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In the proverb "You can lead a horse to water, but you can't make him drink", why is the horse a male? Is there an origin/backstory, similarly to how boats are considered female?

Also, I think "...make him drink..." is the original, rather than "...make it drink...". Does anyone know if this, or the opposite, is correct?

Edit: I found from my research that Old English Homilies, written in 1175, might have been where the proverb came from (the exact reference was "Hwa is thet mei thet hors wettrien the him self nule drinken"). However, this doesn't seem to explain why the horse is referred to as "him" in the proverb.

Thanks!

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    Not all ships – except man-of-war and merchantman and possibly others. – Weather Vane Aug 13 '20 at 16:18
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    A female horse is called a "mare"?? And perhaps male animals have the fame of being stubborn? – Mari-Lou A Aug 13 '20 at 16:47
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    The male was used as the default generic long before PCness was championed. @Weather Vane Then there was 'There's the Duke of Gloucester – she's a lovely engine'. And Thomas. – Edwin Ashworth Aug 13 '20 at 18:43
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    FYI, Elephind newspaper database searches covering newspapers in Australia and the US find 854 matches for "but you can't make him drink," dating to 1858; 61 matches for "but you can't make it drink," dating to 1864; and 2 matches for "but you can't make her drink," dating to 1920 (the first of those two instances refers to a chicken rather than to a horse, but the second, from 1931, refers to a horse). I didn't check the individual results for duplicate matches—but even if they are fairly numerous, the overall preference for "him" over "it" is quite substantial. – Sven Yargs Aug 13 '20 at 20:26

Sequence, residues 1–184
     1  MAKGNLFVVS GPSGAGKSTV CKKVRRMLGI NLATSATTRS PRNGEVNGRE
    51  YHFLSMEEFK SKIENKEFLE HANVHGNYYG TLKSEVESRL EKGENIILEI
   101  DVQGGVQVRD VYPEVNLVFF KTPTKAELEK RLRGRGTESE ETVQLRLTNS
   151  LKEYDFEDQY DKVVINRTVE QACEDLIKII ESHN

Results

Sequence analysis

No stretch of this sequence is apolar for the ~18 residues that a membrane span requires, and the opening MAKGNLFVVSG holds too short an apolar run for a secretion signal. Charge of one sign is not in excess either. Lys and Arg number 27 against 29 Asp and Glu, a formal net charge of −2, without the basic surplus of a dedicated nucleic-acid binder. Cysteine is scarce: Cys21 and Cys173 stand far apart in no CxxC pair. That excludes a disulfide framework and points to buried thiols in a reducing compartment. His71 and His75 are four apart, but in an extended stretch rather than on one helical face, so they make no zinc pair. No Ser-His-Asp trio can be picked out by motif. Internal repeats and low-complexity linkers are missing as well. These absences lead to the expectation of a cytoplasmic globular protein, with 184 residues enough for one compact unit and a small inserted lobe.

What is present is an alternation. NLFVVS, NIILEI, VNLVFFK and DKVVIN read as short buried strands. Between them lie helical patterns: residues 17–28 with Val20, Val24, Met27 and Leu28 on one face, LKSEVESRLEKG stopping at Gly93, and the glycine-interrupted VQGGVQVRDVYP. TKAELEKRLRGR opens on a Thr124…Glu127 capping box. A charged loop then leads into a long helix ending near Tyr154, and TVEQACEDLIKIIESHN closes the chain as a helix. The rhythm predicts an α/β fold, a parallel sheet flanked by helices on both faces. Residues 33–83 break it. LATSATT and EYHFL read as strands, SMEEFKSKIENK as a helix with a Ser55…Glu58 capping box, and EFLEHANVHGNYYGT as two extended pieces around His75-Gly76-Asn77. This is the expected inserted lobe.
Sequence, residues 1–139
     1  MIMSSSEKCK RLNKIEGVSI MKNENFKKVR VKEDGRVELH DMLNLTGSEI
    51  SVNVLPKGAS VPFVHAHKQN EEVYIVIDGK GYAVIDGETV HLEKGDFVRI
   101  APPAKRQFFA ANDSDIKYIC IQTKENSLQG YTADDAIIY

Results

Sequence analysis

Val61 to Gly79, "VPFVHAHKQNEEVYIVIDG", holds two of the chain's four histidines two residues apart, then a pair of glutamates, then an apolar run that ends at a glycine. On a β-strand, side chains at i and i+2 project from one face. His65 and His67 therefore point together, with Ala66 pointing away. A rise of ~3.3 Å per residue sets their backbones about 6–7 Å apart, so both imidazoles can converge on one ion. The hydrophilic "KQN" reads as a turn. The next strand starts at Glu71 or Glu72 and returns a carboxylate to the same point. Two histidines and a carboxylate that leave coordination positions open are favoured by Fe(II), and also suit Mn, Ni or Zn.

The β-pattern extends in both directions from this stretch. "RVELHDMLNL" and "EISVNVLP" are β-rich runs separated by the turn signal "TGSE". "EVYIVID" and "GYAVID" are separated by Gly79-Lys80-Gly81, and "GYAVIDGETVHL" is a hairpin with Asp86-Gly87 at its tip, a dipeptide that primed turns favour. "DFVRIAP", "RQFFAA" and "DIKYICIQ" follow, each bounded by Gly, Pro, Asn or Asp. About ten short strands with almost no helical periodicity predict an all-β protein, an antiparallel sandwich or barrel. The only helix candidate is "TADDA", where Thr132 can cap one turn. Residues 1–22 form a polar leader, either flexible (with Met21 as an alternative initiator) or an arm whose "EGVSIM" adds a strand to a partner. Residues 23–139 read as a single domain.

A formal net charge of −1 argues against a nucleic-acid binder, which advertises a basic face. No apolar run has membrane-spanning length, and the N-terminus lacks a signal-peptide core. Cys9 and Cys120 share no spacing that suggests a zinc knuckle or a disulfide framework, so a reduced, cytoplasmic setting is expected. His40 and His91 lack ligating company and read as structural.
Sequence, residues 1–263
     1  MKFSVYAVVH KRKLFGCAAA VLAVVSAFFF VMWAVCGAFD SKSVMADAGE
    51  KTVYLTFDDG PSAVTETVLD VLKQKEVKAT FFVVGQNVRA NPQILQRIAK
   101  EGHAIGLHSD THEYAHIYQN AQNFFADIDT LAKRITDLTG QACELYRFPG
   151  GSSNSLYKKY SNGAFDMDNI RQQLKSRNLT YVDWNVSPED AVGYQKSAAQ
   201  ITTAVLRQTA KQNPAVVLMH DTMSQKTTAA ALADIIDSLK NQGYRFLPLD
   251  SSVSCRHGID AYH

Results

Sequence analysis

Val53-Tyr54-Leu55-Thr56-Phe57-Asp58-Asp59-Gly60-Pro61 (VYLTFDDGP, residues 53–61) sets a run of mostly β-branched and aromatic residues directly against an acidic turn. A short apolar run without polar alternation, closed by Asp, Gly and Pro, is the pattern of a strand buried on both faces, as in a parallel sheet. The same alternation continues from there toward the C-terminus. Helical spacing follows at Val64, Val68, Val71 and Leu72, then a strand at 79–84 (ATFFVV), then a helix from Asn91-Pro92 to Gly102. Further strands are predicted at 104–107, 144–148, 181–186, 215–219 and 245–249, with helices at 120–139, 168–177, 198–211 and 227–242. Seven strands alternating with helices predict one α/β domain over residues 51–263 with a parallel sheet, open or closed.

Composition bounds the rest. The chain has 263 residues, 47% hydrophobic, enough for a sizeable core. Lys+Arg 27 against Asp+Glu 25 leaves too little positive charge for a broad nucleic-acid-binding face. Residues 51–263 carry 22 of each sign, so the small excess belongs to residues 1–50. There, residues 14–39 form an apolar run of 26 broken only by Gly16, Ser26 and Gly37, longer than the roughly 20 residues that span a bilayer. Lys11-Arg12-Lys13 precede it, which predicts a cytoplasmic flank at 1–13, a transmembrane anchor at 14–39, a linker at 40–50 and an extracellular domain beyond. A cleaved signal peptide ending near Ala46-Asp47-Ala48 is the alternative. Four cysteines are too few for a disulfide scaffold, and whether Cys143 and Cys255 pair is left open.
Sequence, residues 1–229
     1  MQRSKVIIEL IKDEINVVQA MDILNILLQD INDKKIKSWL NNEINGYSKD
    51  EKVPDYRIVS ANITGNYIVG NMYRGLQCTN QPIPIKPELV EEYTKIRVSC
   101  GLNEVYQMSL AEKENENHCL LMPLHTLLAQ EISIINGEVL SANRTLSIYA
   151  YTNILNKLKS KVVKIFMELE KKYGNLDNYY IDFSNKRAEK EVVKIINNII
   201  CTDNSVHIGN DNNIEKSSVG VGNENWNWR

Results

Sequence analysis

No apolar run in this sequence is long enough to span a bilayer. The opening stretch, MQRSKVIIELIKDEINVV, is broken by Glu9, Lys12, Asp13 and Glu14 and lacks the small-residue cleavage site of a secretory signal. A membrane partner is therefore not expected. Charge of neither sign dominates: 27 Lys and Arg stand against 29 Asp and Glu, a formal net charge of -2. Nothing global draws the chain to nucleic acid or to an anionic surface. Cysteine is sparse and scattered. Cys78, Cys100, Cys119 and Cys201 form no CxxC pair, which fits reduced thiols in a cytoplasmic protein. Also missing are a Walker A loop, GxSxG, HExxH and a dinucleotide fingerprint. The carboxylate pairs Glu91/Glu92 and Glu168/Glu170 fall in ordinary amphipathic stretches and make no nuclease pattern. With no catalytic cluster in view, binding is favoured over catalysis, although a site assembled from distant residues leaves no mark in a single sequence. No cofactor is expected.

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    As it's usually pronounced in English, the final phrase is /mekəm'drɪŋk/, which could be transcribed as make him drink or make them drink. Both are grammatical, both mean the same thing. Differences between them are social and political, not linguistic. – John Lawler Aug 13 '20 at 21:54
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In basic terms, A horse was a male and a mare was female.

From The Middle English Compendium:

Hors (n.) 1.(a) A horse [often presumably = (b)]; (b) an adult male horse; male ~.

c1400(?c1382) Wycl.Lincoln.(Bod 647)231 : As a horce unrubbed, þat haves a sore back, wynses when he is oght touched or rubbed on his rugge.

Although "mare" also meant "horse of any gender and type:

  1. A riding horse, a steed; also, any beast of burden; also, cattle, livestock, pastured domesticated animals;

Etymology OE mēares, mēare, etc. (infl. forms of mearh, *merh 'horse') & WS mȳ̆re, A *mēre 'mare'.

it was later used chiefly for the female horse:

"(c1300) Havelok (LdMisc 108)2504 : Þei garte bringe þe mere sone..And bunden him rith at hire tayl.

?a1425(c1400) Mandev.(1) (Tit C.16)167/21,29 : And men putten a mare besyde him with hire fole & an hors sadeled & brydeled..

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  • Thank you, @Greybeard! Very clear and detailed answer. – Dxml Aug 14 '20 at 2:18

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